Notre Dame Cathedral spire collapses
As millions of people watched Paris’ Notre Dame Cathedral go up in flames Monday, Jefferson Johnson was grieving and planning.
As conductor of the University of Kentucky Chorale, Johnson and 37 students were scheduled to perform a program of sacred music at Notre Dame on May 10, a date he called “the dream of every choir.” To be accepted, Johnson had to turn in chorale recordings and his resume.
“It’s just devastating,” Johnson said as he watched CNN recordings of flames devouring the 12th-century cathedral.
Johnson has conducted at Notre Dame twice before with different choirs.
“It’s absolutely amazing,” he said. “It’s one of the most awe-inspiring performance venues I’ve ever been in.”
The program included two African-American spirituals, some sacred Catholic music and the world premiere of “Kyrie,” a composition written by Parker Van Houten, a sophomore from Louisville.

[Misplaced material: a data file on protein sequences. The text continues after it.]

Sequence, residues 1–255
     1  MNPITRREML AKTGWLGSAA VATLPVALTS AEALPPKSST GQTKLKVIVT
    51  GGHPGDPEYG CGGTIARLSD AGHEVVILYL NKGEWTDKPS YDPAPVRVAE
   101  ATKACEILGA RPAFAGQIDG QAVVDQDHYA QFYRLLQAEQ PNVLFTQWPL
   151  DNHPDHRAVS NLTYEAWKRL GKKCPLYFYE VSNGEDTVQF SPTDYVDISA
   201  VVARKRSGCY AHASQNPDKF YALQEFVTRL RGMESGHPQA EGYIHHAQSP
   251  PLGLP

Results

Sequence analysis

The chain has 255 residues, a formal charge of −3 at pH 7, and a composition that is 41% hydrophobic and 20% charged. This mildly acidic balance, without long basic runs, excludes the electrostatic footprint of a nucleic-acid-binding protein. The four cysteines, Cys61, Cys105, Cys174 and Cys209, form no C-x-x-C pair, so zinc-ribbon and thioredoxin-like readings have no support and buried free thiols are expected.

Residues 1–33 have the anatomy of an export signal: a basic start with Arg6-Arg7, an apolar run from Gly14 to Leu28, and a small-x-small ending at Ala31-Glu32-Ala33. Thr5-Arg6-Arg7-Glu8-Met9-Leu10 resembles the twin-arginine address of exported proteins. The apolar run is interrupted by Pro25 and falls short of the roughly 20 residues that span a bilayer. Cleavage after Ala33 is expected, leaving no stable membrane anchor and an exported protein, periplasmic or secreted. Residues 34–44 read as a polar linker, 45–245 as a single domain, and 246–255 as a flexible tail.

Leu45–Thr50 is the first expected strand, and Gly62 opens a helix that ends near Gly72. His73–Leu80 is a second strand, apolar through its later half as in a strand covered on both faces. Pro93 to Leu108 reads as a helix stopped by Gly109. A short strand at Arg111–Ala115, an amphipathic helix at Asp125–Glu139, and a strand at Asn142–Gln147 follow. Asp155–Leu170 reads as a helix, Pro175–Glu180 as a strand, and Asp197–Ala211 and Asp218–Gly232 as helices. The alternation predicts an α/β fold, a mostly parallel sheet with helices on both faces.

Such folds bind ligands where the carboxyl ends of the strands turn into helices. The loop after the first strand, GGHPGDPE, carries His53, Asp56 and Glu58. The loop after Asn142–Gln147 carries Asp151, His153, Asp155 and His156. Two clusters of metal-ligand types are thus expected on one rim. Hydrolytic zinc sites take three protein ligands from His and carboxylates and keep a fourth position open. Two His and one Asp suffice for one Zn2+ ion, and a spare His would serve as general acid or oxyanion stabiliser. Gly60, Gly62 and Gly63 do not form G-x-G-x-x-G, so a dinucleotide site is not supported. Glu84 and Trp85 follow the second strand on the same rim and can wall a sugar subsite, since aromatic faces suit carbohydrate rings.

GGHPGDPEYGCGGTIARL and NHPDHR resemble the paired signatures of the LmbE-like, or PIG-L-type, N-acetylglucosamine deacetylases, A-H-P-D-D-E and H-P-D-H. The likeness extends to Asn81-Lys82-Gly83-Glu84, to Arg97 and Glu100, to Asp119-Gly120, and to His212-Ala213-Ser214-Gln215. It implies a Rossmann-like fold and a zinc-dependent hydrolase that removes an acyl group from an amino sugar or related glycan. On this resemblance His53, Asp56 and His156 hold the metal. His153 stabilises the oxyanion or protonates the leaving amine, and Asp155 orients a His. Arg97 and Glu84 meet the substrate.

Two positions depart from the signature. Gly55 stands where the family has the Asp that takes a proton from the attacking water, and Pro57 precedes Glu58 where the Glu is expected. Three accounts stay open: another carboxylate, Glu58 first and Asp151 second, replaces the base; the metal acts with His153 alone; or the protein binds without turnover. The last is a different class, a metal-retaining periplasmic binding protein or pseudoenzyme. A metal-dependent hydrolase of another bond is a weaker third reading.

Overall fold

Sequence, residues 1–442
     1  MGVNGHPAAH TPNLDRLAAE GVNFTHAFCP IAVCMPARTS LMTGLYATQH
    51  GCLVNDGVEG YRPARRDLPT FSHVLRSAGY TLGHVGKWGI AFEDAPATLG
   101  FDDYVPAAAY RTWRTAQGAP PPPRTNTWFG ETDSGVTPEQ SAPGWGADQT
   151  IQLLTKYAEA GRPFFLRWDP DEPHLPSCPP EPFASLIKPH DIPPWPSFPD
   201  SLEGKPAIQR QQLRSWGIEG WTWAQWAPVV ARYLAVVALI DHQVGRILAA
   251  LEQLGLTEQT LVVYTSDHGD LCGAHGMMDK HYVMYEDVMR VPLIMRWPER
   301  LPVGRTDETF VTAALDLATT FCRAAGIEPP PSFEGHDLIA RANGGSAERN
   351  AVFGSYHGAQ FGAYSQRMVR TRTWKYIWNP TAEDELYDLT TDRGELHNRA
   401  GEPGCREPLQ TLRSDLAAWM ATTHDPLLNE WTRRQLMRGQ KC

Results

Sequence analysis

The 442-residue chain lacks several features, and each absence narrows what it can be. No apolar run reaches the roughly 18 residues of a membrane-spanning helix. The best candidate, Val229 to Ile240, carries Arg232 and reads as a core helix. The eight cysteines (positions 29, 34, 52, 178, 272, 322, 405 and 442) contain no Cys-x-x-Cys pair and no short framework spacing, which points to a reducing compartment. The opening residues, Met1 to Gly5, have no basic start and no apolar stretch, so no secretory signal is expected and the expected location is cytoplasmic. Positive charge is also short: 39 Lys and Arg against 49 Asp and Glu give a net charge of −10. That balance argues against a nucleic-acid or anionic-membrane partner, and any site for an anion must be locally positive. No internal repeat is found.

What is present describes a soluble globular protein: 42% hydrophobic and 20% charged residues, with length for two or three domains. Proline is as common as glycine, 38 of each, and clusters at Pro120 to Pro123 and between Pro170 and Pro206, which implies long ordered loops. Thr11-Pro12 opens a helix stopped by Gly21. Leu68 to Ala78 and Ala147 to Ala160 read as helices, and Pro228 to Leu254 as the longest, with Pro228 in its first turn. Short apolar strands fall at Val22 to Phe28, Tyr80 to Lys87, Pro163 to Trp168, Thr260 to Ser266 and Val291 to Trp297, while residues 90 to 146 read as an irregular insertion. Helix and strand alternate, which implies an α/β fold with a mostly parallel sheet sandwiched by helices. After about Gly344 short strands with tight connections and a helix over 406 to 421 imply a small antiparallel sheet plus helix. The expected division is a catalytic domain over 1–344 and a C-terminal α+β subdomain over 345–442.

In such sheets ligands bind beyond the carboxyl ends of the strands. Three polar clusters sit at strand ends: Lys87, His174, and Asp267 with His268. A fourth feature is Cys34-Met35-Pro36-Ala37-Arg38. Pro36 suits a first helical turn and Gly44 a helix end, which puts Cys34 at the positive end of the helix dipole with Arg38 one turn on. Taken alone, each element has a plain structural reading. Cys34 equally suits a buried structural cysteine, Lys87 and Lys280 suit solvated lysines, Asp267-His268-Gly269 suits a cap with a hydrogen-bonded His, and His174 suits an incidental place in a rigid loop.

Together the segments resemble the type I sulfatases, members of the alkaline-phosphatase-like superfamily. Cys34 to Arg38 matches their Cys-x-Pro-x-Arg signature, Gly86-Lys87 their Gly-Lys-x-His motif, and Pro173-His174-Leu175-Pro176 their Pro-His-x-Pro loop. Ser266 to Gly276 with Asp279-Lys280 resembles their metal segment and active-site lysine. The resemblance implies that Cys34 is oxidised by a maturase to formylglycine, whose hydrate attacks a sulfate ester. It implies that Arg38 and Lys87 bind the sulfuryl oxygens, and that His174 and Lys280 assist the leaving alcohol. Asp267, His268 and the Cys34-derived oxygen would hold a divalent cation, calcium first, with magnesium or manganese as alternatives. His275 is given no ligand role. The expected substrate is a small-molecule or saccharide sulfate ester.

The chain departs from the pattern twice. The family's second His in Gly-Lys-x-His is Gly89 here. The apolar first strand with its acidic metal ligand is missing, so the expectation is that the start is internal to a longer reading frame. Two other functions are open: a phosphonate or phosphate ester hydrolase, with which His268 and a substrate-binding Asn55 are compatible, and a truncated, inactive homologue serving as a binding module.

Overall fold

The week-long trip will happen anyway. The Chorale — the most select choir at UK, made up mostly of junior and senior music majors — will also sing at the American Cemetery in Normandy on May 8th for the 75th anniversary of D-Day. They will then travel to Paris to perform at another Paris church, La Madeleine, which was built in the style of a Greek temple to commemorate Napoleon’s victories. Johnson is also going to ask his tour company about an alternate performance at Sainte Chapelle, a Gothic royal chapel also on the Ile de la Cite near Notre Dame.
“We’re going to turn this tragedy into a teaching moment,” Johnson said. “We’ll talk about valuing art and the importance of this moment in history, including the religious significance and irony of this happening during Holy Week. There’s a lot we can teach about this.”